Key to the success of Google is the degree of trust the user has in the company. Following their mission of “Don’t Be Evil” and always acting in the best interests of the user/public, Google needs its users to believe that about them, that Google is trustworthy. By trusting them with your information – your search queries, e-mails, documents, maps and directions, etc. – they can make the user experience virtually seamless, and that is what Google is striving for. “Thinking that ‘your customer or users are always right, and your goal is to build systems that work for them in a natural way, is a good attitude to have …. You can replace the system. You can’t replace the user” (Auletta, 38). Ultimately, the Internet is free and should be about providing information to people – get the user to what they want as quickly as possible. Through Google search and the rest of the ‘Google Suite’ of programs, they want to open up the Internet and its vast amounts of information to everyone, because that is the right thing to do – making the Internet better, more efficient, more valuable to the user.
Daniel Solove: (privacy and reputation)
Mr. Solove was brought to the panel to address the growing concerns about privacy and personal information as we move toward a more online and connected life. Both the shifting nature of media and the growth of the Internet as the primary means of interaction have left legal protections of privacy and reputation lagging behind those technological developments. Antiquated notions of privacy being an either/or proposition is not fit to cover such concerns when it comes to the Internet. Just because something happens in public doesn’t mean its claim to privacy is voided.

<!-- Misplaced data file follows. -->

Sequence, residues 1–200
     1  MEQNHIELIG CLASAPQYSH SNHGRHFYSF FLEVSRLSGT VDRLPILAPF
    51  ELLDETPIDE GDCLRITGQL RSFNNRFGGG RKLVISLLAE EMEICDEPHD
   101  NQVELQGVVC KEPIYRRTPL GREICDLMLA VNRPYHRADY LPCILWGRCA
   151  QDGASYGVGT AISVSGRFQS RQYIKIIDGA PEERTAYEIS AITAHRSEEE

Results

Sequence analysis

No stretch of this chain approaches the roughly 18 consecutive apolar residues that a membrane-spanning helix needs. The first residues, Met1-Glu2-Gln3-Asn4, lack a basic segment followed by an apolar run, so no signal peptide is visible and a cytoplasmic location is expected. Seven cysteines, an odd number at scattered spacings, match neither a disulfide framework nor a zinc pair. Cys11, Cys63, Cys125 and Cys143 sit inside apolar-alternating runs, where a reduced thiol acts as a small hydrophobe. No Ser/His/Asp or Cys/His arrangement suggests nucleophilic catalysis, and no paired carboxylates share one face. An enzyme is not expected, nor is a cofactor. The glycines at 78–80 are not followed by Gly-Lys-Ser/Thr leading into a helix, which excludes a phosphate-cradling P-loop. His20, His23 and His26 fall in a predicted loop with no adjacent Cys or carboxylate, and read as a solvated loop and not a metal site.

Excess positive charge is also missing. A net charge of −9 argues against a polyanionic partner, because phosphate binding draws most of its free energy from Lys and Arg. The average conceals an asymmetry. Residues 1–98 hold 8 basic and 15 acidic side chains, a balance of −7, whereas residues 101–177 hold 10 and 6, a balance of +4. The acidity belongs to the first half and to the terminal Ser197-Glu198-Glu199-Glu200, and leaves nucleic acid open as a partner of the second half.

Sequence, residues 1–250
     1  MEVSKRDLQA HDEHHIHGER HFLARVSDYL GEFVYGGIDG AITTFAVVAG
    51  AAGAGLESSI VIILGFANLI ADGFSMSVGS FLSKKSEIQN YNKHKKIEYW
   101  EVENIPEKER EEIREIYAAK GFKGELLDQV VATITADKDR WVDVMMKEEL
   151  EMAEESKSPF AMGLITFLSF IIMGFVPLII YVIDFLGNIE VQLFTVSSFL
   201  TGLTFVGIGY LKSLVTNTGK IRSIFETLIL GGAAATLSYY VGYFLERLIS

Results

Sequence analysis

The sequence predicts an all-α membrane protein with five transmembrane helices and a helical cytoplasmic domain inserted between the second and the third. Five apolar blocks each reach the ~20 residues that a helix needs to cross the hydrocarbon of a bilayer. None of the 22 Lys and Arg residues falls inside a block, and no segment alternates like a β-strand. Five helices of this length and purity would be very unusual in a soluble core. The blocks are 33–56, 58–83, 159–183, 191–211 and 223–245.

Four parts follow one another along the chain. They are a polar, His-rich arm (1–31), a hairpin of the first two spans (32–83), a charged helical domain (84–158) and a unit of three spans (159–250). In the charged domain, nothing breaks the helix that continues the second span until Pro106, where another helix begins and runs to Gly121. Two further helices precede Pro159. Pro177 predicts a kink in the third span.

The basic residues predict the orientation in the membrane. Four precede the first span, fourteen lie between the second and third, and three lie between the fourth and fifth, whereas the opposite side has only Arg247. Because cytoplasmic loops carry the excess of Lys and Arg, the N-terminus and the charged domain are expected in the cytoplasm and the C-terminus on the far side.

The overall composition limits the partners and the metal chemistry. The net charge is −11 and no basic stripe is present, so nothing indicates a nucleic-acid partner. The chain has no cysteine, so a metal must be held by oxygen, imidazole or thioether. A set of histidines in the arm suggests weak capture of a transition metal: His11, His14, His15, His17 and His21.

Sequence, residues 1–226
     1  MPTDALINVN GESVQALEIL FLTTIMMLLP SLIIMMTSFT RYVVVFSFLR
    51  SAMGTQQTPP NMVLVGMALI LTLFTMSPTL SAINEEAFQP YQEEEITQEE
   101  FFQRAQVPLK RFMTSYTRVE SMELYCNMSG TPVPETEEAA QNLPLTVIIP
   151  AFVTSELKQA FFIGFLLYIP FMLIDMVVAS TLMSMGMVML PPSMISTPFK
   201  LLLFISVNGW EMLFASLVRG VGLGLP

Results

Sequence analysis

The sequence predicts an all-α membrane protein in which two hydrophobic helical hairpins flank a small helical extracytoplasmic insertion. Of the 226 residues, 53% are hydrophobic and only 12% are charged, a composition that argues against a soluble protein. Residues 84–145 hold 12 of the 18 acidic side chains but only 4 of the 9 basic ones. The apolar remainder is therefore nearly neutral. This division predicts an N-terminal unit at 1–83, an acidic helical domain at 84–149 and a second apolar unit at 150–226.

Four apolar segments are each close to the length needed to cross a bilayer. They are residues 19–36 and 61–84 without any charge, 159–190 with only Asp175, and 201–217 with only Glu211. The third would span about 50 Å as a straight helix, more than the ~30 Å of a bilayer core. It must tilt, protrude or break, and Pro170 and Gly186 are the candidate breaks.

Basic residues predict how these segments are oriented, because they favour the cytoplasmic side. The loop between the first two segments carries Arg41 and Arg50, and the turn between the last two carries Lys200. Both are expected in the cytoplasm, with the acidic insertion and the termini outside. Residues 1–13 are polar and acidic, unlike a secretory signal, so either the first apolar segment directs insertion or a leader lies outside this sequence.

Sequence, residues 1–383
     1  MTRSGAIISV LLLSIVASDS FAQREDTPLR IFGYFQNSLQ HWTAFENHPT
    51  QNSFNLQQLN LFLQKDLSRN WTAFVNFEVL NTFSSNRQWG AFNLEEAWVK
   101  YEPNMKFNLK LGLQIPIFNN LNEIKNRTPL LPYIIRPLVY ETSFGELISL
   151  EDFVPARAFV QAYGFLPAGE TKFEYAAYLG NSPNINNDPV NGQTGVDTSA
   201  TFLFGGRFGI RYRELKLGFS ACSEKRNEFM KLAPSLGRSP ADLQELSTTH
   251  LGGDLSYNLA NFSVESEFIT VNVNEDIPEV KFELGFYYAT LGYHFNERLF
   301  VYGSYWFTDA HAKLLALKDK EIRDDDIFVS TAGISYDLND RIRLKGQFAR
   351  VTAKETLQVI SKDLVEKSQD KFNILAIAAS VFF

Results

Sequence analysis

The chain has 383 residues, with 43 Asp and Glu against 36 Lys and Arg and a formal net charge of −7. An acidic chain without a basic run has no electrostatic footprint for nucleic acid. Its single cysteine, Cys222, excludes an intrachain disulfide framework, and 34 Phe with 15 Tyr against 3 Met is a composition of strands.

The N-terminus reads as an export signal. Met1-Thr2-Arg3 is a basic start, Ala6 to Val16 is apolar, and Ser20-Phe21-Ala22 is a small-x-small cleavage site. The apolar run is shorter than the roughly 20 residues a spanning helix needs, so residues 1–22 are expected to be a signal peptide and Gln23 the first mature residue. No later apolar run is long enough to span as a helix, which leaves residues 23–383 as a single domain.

Back in the day, if word got out about something foolish that you had done, or if someone started a negative rumor about you or one of your skeletons got out of the closet, the potential reach of that information was minimal. More often than not, the people hearing the information knew you personally, making judgment of the validity and importance of the information all the easier. Over time, the information faded from the minds and lips of your fellow villagers, their attention moving on to the next interesting topic. Yet, in the era of the Internet, the information doesn’t fade away. Every faux pas, youthful indiscretion, false rumor and juicy piece of gossip is immortalized in the annals of Internet browser histories, forever smudging your good name.